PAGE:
February 14, 2010
Sunday, 7:00 p.m.
Letter #122: Lean on Me
Greetings! My favorite Christian band, Casting Crowns, has a thought-provoking song that is an indictment on how lethargic the church has become toward the lost. Instead of reaching out to hurting people, we, like the religious leaders in Jesus’ parable of the Good Samaritan, walk right on by, consumed by our busy lives. In “If We Are the Body,” writer Mark Hall asks this tough question of every Believer: “If we are the Body (of Christ), why aren’t His arms reaching, why aren’t His hands healing, why aren’t His words teaching? And if we are the Body, why aren’t His feet going, why is His love not showing them there is a way? Jesus paid much too high a price for us to pick and choose who should come—and we are the Body of Christ!”
There are so many lost people on a prison yard—so many hurting, so many in bondage to all the same heart issues that brought them here years ago. It is easy to see the pained existence as “normal,” for if I can call it normal, I can ignore it. I can ignore the people behind the pain.
God has been trying hard to get me to see the people. He sees them. He has compassion on them. And He offers hope in the midst of their chaotic, messy, hurting, rejected world. Now, if only God could get His Body, the church, to notice the downtrodden, the weary, the needy—then maybe the lost could be found, the hurting healed, the lonely loved.
God has me using every bit of my time wisely—with a Heavenly purpose. He tells us that “whether you eat or drink—whatever you do, do it all for the glory of God” (I Corinthians 10:31, NLT). This has challenged me to put on the eyes of Jesus when I’m on the yard, to be Jesus to these men.
One guy I barely know asked me to have my family call his family to see if they’d sent him a package. My mom did so, finding out that there would be no package—his mother is gravely ill, her kidneys and liver shutting down after years of substance abuse. The man knew she was sick, but not the severity of it.
I knew I needed to tell him, so I got a couple Christian brothers and I gently conveyed the news to him. He sobbed on my shoulder as I spoke words of Jesus into his life: words of hope, healing, and a future in Heaven, as she has accepted Christ as her Savior. I gave him from my package what he needs.
I was really looking forward to receiving visits this weekend: a new visiting schedule cuts back our available visiting days to only every other week, so it had been a long two weeks since seeing my family. Visits were delayed for over two hours yesterday as the prison responded to a heavy blanket of fog with more patrols, tightened security, and an additional “Fog Count.”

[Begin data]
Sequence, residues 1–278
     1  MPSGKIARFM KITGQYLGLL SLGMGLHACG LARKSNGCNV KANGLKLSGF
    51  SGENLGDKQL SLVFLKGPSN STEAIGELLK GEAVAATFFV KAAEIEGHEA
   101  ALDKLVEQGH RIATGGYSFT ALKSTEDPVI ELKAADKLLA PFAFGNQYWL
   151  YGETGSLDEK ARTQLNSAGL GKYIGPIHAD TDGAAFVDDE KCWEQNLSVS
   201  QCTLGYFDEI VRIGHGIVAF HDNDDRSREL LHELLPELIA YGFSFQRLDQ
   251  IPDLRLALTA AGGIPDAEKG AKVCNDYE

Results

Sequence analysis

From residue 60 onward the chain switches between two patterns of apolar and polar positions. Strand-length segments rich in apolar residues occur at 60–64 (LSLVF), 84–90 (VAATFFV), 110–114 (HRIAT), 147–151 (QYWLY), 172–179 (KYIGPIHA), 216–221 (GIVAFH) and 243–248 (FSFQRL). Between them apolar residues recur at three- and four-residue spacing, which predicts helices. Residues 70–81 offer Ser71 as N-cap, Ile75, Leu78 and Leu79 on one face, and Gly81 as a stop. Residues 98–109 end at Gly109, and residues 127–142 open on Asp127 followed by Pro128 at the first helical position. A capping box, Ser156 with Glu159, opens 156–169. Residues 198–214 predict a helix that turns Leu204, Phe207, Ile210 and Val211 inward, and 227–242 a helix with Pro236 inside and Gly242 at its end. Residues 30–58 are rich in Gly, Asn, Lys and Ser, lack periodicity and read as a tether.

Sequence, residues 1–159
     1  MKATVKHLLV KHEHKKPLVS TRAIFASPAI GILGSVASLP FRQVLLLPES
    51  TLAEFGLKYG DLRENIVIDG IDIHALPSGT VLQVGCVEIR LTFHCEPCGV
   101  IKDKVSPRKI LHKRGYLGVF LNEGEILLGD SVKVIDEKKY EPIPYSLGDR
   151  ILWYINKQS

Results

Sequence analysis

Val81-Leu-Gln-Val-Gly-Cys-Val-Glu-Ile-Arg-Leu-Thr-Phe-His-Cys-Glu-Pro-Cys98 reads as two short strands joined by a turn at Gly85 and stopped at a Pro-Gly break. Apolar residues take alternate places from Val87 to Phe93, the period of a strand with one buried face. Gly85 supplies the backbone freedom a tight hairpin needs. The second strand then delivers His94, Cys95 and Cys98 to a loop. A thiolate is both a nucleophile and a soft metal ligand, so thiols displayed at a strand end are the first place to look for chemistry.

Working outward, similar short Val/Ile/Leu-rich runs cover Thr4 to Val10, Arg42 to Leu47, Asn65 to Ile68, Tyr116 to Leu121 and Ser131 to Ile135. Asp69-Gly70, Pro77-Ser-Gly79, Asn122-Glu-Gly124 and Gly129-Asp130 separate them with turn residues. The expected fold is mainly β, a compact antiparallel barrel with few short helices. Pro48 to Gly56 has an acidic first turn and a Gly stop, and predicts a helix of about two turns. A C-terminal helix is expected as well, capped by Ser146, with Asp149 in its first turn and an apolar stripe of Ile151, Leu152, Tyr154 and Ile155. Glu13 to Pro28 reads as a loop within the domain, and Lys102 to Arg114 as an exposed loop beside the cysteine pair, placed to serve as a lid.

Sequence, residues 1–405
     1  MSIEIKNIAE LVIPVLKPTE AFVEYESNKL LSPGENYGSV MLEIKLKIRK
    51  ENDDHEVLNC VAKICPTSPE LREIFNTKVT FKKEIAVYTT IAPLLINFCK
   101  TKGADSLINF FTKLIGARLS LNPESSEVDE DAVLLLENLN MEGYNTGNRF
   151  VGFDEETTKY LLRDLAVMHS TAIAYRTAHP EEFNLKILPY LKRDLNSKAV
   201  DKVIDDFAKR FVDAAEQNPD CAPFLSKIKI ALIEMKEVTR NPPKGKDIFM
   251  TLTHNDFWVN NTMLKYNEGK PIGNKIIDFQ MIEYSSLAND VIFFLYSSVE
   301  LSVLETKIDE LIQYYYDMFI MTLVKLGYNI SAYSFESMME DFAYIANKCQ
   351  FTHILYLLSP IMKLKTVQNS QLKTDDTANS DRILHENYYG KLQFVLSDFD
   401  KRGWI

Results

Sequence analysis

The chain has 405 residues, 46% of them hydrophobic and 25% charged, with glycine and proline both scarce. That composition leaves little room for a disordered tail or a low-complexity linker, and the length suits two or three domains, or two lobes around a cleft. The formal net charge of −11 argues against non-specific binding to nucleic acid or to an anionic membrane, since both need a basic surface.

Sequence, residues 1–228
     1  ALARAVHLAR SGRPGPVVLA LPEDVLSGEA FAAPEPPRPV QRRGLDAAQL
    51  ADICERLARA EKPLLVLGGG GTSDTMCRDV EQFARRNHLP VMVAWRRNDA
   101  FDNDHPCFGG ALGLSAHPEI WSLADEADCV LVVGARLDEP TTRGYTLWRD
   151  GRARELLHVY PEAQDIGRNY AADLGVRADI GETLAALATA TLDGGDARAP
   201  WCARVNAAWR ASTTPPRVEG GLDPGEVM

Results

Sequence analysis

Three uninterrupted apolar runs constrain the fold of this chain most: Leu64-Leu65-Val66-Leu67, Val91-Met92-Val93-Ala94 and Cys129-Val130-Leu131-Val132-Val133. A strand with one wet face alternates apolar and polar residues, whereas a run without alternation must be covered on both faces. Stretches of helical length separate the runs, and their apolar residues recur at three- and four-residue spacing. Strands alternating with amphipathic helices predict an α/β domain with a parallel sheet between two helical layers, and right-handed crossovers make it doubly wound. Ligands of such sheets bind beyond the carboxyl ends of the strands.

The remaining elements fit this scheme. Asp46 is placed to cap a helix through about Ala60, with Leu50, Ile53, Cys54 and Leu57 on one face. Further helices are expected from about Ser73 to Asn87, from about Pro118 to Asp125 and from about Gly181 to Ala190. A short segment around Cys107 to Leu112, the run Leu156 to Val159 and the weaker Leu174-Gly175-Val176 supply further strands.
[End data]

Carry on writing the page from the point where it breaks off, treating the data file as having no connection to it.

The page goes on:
At 10:30, those of us with visitors waiting were released to go to the visiting room, across the yard from our buildings. Inmates rushed out of the buildings and formed a line outside the visiting room, waiting their turn to be processed.
As I walked, I noticed a man coming from the medical building near the visiting room. Every inmate going to visiting had passed him. Holding a cane in one hand and leaning heavily onto a short railing with the other, he made his way toward my building, one painstaking step at a time. A cop who was escorting him offered no assistance, wheelchair, or powered cart.
I knew my parents were 50 feet away in the visiting room, but I had no other option. I offered—then insisted—my help, gently getting under his shoulder, my arm around him, lifting his waist.
We had 300 yards to go, and he needed to rest after every 30 paces. I ran and asked a sergeant, surrounded by eight officers, if I could please cut across the yard, saving 100 yards of distance. A couple of the officers laughed, joking that the guy would fall down on the grass, but I said, “No, because I’ll be carrying him.”
The sergeant said, “Take him cross the yard then.”
I ran back to the man, helped him up, and asked his name as we started across the expanse of grass towards his building. “Ra-Ra,” he said.
“Well, Ra-Ra,” I told him, “I’m only doing this for you because this is what Jesus would do. When I came to prison, I had to lean on Him pretty hard, and He still helps me walk every day.”
As I left him, I blessed him and ran, the last one of a large group, into visiting.
Later, as visits were cut short due to overcrowding, I watched as many of the guys who had walked right past Ra-Ra were forced to leave early. The 15 minutes I’d taken to be Jesus’ feet to a needy man were just enough time to keep me from being assigned a shortened visit. God is good!
Who is He needing you to be His hands for? Who can you speak His Words to?